To find parameter for (1) and to specify the function in (2), which is needed to estimate pulpal SO2, we set up a pulpal circulation model, as shown in Figure 3. An extracted human upper incisor that was free of caries, restoration, and defects was prepared for use as an in vitro circulation model. The buccolingual thickness of the sample tooth was 6 mm which was the average size of the upper central incisors [16]. The tooth was cut approximately 3 mm above the root apex using a dental air turbine hand-piece with a diamond point, and the root canal was enlarged to 3 mm in diameter to enable a silicone tube (3 mm/2 mm outer/inner diameters) to be inserted. A simulated pulsating blood flow with a pulse rate of 1 Hz was created in the silicon tube by using a diaphragm pump (Masterflex, Cole-Parmer).

An LED with a peak emission wavelength of 525 or 590 nm and a bandwidth of around 35 nm was used as the light source. The sample tooth was illuminated from the palatal side using the bundled optical fiber described above, and the light transmitted through the tooth was guided to a photodiode using another optical fiber, as described above. The output power from the illuminating bundled fiber was 0.2-0.3 mW, which did not affect the pulp viability. The two optical fibers were aligned perpendicular to the longitudinal axis of the tooth. To eliminate background noise, the incident light was modulated at 1 kHz with a duty cycle of 10% to reduce the total power to suppress the heat generation, and the transmitted light was detected with a lock-in amplifier synchronized with the light source pulses.

Fresh porcine blood that had been anticoagulated with acid citrate dextrose (ACD-A solution, Terumo) was centrifuged and washed with phosphate buffered saline solution (PBS, pH = 7.4) to remove the blood plasma. The hematocrit of the blood sample was adjusted to 3% with PBS by referring to the reported effective hematocrit of pulpal blood [16]. The blood was oxygenated by bubbling it with a gas mixture (96% O2/4% CO2) and deoxygenated with another gas mixture (96% N2/4% CO2). The blood SO2 level, which ranged from 18 to 95%, was measured with a blood gas analyzer (GASTAT-mini, Techno Medica).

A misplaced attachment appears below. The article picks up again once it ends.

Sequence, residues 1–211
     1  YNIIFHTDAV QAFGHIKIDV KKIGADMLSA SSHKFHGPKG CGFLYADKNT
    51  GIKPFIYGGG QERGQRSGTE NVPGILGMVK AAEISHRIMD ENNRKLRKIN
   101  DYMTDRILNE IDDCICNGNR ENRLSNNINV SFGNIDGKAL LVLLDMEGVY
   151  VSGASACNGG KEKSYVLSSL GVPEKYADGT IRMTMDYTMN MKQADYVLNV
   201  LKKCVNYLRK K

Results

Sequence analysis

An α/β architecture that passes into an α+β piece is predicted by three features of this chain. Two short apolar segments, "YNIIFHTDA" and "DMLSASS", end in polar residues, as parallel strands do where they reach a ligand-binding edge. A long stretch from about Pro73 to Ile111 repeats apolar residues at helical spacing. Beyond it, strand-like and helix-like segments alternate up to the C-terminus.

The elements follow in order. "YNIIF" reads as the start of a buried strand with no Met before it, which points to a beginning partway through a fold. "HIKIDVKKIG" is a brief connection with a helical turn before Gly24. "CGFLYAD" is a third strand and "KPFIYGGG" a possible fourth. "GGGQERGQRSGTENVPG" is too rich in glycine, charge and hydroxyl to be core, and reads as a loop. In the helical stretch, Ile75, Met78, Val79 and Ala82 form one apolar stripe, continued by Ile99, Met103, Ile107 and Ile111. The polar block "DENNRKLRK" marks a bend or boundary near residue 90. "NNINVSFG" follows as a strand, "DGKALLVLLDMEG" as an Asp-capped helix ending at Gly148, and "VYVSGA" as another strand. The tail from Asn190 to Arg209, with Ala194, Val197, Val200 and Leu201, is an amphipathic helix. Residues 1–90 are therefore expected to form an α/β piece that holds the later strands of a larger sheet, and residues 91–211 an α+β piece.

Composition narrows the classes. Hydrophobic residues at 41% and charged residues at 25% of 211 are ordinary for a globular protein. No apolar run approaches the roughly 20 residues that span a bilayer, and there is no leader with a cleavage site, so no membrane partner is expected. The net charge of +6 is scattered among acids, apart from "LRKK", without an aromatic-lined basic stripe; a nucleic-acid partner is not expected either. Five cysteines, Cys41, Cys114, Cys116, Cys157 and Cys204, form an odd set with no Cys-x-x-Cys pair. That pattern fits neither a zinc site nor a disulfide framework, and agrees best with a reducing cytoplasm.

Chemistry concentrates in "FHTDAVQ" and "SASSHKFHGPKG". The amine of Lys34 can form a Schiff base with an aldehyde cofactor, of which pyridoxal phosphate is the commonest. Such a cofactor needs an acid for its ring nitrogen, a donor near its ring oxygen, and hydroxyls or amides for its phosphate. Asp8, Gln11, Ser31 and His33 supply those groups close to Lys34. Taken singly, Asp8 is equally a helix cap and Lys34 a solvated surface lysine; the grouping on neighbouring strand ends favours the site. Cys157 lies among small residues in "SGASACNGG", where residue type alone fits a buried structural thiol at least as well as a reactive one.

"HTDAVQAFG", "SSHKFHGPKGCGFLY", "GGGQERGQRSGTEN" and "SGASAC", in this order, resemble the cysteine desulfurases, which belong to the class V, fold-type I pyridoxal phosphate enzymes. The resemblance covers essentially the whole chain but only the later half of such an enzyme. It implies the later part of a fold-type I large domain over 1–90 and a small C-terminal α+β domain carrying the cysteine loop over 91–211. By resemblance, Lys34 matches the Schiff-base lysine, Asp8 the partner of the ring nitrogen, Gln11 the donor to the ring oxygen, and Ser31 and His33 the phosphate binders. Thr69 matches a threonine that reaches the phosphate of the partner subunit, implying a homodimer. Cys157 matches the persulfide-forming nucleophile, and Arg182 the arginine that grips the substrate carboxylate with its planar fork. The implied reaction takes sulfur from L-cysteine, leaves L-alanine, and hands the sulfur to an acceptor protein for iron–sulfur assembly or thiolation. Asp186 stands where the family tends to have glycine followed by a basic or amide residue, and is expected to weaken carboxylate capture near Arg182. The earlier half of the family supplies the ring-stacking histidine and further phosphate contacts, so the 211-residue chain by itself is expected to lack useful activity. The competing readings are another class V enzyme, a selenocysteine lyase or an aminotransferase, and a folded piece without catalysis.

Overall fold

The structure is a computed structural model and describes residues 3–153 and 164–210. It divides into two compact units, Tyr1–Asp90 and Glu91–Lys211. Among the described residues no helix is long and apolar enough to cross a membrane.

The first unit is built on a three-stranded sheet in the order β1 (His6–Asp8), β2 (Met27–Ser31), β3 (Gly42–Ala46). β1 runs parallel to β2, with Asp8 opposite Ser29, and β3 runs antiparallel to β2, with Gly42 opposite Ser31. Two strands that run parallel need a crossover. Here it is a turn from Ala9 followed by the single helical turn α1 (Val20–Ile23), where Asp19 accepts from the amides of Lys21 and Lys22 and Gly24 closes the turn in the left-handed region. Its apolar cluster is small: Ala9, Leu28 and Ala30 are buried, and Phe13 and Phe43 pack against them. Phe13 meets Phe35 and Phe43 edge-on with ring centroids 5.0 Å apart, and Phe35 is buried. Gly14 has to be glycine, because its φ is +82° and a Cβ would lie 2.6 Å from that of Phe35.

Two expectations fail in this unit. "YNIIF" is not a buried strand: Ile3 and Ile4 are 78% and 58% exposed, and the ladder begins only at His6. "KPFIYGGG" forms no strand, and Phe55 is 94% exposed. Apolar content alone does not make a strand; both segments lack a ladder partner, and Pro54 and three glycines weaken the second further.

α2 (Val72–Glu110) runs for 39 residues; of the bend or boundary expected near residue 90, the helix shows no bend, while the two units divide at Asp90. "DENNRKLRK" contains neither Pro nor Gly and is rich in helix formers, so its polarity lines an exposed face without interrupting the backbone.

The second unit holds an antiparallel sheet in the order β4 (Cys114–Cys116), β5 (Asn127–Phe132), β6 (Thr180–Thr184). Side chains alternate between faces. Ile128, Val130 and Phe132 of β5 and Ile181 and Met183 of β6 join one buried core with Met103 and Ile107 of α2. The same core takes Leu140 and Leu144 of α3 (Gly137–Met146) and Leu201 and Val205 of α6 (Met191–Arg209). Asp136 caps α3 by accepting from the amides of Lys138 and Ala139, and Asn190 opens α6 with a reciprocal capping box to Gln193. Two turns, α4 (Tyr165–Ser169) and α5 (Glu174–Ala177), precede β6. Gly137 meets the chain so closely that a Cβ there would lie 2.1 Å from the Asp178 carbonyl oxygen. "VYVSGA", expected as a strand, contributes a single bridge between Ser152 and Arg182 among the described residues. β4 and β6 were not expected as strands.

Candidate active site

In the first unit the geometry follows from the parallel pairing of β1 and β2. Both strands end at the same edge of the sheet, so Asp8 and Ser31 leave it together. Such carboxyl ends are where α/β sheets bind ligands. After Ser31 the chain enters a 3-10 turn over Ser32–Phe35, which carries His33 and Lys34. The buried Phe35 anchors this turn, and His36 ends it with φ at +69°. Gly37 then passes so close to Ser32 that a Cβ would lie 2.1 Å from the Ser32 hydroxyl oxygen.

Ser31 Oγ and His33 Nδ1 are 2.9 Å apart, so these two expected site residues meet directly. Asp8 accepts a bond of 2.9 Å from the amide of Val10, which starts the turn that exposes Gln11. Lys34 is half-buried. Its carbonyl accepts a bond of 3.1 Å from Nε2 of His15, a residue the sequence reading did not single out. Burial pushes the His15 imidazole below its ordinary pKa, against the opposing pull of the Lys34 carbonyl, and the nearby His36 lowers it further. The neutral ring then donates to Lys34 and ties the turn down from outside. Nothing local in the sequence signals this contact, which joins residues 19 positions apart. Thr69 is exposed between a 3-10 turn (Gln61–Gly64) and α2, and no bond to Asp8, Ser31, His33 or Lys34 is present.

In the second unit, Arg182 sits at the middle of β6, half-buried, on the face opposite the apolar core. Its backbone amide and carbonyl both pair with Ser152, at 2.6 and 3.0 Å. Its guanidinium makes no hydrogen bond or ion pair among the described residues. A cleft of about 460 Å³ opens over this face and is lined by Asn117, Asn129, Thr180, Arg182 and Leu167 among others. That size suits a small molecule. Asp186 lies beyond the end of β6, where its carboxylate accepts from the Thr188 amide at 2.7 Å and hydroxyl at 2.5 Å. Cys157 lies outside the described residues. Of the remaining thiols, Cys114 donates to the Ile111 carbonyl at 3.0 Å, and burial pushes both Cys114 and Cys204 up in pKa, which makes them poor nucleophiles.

4. Results and Discussion

Here, we firstly discuss the validity of the in vitro model for the estimation of SO2 values and then, using the values measured by the model, show some in vivo results of measurement of blood oxygen saturation of dental pulp. One of the advantages of the in vitro model is that light attenuation in the teeth is not influenced by the surrounded periodontal structures or oral soft tissues. Therefore, in contrast to in vivo measurements where a variety of disturbances should be taken into account, one can precisely measure a wide range of blood SO2 values.

However, there are some limitations in this model. In human teeth, it is supposed that arterioles in dental pulp mainly contribute to pulsatile changes of light transmitted through the teeth. In the in vitro model, the pulpal microcirculation system consisting of arterioles and venous and lymph vessels cannot be replicated. However, we speculate that the inhomogeneous structures inside the pulp chamber were simplified by whole blood since inflammatory conditions such as pulpitis or partial pulp necrosis easily spread to whole pulp and alter the blood SO2 because of the narrow pulp chamber surrounded by hard tissues.

The pulsatile component and nonpulsatile component in optical plethysmogram at the 470-, 525-, and 590- nm wavelengths were recorded with an oscilloscope for different blood SO2 values. These measurement wavelengths were chosen on the basis of three conditions: (i) sensitivity to the volumetric change of pulpal blood flow, (ii) sensitivity to changes in pulpal blood oxygen saturation, and (iii) transmissivity in hard tissue. In terms of sensitivity to the blood volume variation, both in vivo and in vitro studies have shown that higher pulsatile/nonpulsatile ratios can be detected with a green LED than with red and infrared LEDs [1517].